|Mama Bear and her cub by the roadside in northern British Columbia|
|bison by the roadside|
We went to see the Northern Lights Museum expecting to be educated about the Aurora Borealis at $10 each. It turned out to be just a brief video of the lights recreated on the dome ceiling for effect. It was not worth the time and money the 3 couples spent on the ‘show’. But the memorable place in Watson Lake was Signpost Forest where we were the 67,000th visitor to place a signpost. Ours reads ‘Bill & Carol, Pittsburg, Ks/ Manila, Phil. 8PM, 8/8/08’ which we painted on a wooden board we purchased at a HomeBuilders’ Centre. The paint was provided by the Visitor’s Information Centre where we also registered as Yukon Gold Passport holders, with the chance to win 5, 10, or 20 troy ounces of gold if we complete 10, 20, or 30 rubber stamps of tourist spots we visit on the Yukon!!!
|Bill and Carol on the road embankment|
Along the highway between Watson Lake and Whitehorse were rocky embankments (between Upper Liard and Rancheria along the Yukon part of the Highway) that were used by many to arrange rocks into letters to memorialize their passing through the Highway. We arranged ours to symbolize BC (not British Columbia but Bill and Carol) alongside others. We originally thought we could spell out our names but we found out how difficult the endeavor was and gave up with just the 2 letters!
At another bend we saw a large arrow sign which we followed and chanced upon Whirlpool Canyon, a river that made a whirlpool as it wound its way. There we met a Canadian couple who also followed the arrow. They were making their way from Calgary (just like us) going to Nunavut past the Arctic Circle hauling a small aluminum boat with an outboard motor to fish. They dry camped often and they taught us about dumping gray water (washing dishes and showering) almost anywhere and drinking creek water, as long as we were sure there was no beaver contamination. A small town we passed was called Toad River. It featured a gas station, a restaurant, and a country store. There was a place there dedicated to thousands of hats and Bill pinned his Taquan Air baseball cap which he got from a private charter company in Sitka, Alaska where he went for a fishing expedition with friends in 1999. At this part of the Highway, gas was at $4.50 per gallon!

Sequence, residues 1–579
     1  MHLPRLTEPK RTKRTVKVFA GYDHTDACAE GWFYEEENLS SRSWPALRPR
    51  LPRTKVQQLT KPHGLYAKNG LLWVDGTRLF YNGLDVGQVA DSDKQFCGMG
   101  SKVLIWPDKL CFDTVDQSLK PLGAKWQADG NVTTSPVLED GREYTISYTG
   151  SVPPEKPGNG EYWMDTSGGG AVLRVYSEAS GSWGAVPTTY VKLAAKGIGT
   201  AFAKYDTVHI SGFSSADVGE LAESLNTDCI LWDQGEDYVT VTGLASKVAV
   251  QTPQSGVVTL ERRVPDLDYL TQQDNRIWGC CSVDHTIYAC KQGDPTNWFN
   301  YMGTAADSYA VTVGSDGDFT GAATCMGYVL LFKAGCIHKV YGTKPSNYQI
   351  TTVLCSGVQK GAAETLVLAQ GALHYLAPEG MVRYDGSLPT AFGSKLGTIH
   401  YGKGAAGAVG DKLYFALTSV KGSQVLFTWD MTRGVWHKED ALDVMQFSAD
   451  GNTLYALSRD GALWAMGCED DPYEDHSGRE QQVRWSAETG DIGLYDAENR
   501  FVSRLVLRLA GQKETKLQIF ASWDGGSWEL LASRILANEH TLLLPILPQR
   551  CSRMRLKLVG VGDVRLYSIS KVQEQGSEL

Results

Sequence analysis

|World's Largest Weather Vane|
|SS Klondike of the gold trade|
Whitehorse is the biggest city in the Yukon. The largest weather vane (in the Guiness Book of Records) in the world was there. It was a DC3 plane!!! Bill thought that it has to be a very strong wind (at least 10-15 knots) to move that plane. Smith House at Whitehorse’s LePage Park gave us 2 whitehorse pins to brag about, but so man y places, including the biggest fish ladder in the world, was already closed for the season. So we didn’t see the salmons jumping out of the river to spawn! We had to be satisfied with the SS Klondike, one of the biggest boats used for transporting gold to and from the Yukon River. And the experience that topped it all? We feasted on the world-renowned bowl of chili con carne at Tim Horton’s, the great Canadian coffee chain! Claudine (my second daughter) had gifted us with a Tim Horton’s gift card before we left Calgary…and they had it in Whitehorse!